Small note: CLI is (borderline) off topic on StackOverflow. Usually these kind of questions are better asked on SuperUser. It's borderline as shell scripting is definitely programming, making questions about bash scripts for instance very on-topic.
18h
comment Encrypt file with public key using openssl EVP routines
Hmm, missed the validation, that was my mistake. All's well that ends well :)
18h
comment Encrypt data without special character (“=”)
@ArtjomB. Please check my answer, I think base64url is a better alternative.
18h
answered Encrypt data without special character (“=”)
18h
comment Encrypt file with public key using openssl EVP routines
No, I just took a look at the first line and saw that bytes were expected instead of bits on the command line. Note that there is a difference between "executes" and "works correctly". I think a full answer should also include a way to decrypt (I agree, my answer is very short as well, but that's because it relies on pre-existing functionality).
18h
comment 3DES all possible supported key size
You can ask on crypto. I'm not sure if anything already exists there that explicitly asks this question so it will probably be welcome there.
18h
comment Encrypt file with public key using openssl EVP routines
@user4005750 I would keep myself to using CMS all the way. CMS is both available for the command line and within the API (of course, as OpenSSL is a library first and a CLI later).
18h
comment Encrypt file with public key using openssl EVP routines
Did you verify this? It seems to me that it already fails at the first command as openssl rand -out key 256 uses 256 for the num argument, while the documentation states: num pseudo-random bytes .
1d
comment openssl CMS with ECDH EnvelopedData
You can add that as an answer. Its a bit strange though, both the param ident and the public key are part of the private key structure.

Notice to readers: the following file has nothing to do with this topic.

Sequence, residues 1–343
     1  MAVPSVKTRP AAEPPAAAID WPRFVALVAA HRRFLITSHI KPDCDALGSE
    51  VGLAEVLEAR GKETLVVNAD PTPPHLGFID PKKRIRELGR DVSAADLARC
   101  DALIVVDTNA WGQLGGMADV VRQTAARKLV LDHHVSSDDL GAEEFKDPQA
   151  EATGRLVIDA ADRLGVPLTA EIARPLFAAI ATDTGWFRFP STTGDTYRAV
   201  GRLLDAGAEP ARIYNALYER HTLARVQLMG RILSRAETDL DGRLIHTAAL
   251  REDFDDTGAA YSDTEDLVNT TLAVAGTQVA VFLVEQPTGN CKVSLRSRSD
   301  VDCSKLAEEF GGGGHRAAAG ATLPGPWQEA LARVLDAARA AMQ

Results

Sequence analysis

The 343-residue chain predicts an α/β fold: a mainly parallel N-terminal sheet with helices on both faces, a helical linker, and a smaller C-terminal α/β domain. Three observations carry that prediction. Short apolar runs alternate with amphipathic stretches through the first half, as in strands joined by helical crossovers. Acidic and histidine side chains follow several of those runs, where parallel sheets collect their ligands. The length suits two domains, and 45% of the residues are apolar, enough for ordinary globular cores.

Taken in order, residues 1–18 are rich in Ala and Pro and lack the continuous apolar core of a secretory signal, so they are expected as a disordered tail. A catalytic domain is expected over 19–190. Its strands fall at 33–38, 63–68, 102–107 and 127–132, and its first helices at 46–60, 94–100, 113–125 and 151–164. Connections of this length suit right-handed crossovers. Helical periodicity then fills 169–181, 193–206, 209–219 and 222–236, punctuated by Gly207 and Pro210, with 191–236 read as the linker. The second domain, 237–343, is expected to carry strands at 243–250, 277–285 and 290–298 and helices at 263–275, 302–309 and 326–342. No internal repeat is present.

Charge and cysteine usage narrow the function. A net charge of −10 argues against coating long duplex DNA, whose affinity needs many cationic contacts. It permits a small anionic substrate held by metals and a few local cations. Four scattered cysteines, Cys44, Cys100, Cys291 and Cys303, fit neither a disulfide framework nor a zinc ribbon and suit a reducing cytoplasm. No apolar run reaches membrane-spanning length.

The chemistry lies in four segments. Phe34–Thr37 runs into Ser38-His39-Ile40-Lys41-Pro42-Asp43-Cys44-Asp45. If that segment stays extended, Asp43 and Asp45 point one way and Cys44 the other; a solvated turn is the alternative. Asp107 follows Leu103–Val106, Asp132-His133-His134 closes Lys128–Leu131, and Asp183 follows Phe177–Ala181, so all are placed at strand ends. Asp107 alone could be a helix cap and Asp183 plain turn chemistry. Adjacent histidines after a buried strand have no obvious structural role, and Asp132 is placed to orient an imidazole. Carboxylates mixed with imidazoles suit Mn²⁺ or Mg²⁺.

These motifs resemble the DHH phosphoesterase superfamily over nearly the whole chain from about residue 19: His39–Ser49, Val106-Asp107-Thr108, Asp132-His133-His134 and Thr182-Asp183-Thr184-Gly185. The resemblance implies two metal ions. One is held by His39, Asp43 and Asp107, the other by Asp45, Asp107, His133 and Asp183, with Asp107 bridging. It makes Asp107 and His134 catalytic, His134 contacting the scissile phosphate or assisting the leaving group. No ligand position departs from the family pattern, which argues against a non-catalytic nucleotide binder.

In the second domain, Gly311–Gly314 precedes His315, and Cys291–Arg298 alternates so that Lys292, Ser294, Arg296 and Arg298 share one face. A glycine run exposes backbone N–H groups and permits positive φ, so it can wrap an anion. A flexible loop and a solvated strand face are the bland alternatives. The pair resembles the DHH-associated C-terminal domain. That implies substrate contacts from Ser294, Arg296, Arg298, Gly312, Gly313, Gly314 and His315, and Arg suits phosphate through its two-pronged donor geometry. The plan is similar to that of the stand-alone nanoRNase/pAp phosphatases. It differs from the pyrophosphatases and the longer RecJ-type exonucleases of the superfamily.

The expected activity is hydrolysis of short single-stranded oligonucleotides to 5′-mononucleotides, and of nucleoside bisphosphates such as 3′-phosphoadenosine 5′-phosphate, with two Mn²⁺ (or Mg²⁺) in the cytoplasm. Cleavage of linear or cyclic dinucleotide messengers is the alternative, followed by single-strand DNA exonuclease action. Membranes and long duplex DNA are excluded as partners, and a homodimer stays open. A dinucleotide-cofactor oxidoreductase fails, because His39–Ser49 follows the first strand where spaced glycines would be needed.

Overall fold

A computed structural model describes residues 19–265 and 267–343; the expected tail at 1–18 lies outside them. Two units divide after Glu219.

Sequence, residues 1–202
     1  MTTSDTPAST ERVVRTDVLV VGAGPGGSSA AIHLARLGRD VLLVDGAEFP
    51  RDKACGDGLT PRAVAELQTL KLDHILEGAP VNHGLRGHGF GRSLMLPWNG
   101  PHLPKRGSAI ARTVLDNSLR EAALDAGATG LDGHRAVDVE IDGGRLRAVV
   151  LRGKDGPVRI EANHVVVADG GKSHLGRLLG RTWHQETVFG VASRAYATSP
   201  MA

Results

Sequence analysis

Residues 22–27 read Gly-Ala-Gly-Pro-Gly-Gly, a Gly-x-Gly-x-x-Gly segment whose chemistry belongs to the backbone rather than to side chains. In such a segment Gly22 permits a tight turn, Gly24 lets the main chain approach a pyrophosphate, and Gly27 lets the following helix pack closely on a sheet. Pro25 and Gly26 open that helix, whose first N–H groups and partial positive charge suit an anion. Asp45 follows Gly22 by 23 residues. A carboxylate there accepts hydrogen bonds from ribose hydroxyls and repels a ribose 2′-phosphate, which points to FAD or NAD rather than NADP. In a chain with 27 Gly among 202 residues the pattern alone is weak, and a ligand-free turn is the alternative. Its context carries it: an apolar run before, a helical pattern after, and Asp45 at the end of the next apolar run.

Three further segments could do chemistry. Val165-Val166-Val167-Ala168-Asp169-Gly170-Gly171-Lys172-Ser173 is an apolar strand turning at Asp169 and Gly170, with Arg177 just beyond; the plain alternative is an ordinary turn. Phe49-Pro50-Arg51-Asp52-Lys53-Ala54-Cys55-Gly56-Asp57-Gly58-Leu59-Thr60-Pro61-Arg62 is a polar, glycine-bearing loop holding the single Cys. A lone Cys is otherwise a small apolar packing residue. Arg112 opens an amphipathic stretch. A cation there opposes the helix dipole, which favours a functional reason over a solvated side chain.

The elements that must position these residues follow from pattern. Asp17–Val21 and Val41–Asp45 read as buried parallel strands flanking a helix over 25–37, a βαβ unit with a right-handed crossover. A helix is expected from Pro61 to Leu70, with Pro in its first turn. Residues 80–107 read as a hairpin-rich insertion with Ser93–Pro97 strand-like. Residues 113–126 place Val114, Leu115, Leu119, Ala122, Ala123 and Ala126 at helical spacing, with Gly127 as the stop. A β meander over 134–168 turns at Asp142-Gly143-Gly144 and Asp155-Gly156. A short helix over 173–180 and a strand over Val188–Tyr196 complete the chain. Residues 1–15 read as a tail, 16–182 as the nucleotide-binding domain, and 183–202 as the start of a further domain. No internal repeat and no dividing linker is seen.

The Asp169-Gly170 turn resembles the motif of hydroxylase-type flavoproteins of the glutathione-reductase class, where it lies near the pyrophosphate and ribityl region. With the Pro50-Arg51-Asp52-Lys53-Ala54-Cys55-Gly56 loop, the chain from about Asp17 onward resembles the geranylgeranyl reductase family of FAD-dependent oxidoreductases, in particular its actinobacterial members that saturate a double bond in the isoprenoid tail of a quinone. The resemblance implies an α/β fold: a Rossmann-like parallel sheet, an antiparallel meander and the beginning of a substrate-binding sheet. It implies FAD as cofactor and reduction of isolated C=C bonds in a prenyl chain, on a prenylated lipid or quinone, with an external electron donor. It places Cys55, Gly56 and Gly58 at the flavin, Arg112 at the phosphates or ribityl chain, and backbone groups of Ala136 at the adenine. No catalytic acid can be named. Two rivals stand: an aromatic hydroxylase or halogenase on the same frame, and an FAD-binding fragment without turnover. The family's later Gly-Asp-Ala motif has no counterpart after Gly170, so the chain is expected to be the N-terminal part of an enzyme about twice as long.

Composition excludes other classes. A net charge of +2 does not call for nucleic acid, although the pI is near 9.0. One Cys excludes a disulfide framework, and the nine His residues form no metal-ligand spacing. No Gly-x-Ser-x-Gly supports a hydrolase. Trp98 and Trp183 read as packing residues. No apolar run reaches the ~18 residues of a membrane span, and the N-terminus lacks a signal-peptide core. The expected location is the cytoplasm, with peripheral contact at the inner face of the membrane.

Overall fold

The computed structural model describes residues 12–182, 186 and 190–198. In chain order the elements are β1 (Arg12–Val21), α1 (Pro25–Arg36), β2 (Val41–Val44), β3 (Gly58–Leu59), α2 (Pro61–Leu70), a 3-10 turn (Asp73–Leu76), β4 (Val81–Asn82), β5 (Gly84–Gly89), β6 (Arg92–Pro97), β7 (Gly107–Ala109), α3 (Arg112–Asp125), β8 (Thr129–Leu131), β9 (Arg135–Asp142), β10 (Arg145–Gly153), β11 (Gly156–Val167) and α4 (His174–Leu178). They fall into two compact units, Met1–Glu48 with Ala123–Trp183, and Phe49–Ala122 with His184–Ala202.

1d
comment openssl CMS with ECDH EnvelopedData
Interesting, what does the output look like? Don't worry, I'm not going to decrypt a ciphertext protected by a 192 bit key :P
1d
comment Decrypt SSL Premaster Key
Had the API page open: returns: A byte string. It is either the original message or the sentinel (in case of an error). Personally I don't like magic values - especially in crypto packages, but each to his own I guess.
1d
answered Encrypt file with public key using openssl EVP routines
1d
comment Decrypt SSL Premaster Key
Had to compile and install pycrypto to do that, dangit :)
1d
answered Decrypt SSL Premaster Key
1d
comment Contactless javacard security implementation with NFC device
Yep, that's what I meant.
2d
comment RSA AES decryption with junk characters
You still need to split the ciphertext in two (skip or remove the IV bytes after retrieving them). Could you hex or base 64 encode the decrypted plaintext result and post it here? Random data will lose information if you treat it directly as a string, so it doesn't give us any information.
2d
comment Encrypt text to AES/CBC/PKCS7Padding
Try and use an up to date JRE when creating security sensitive data. Using AES-256 doesn't mean much if your system is vulnerable.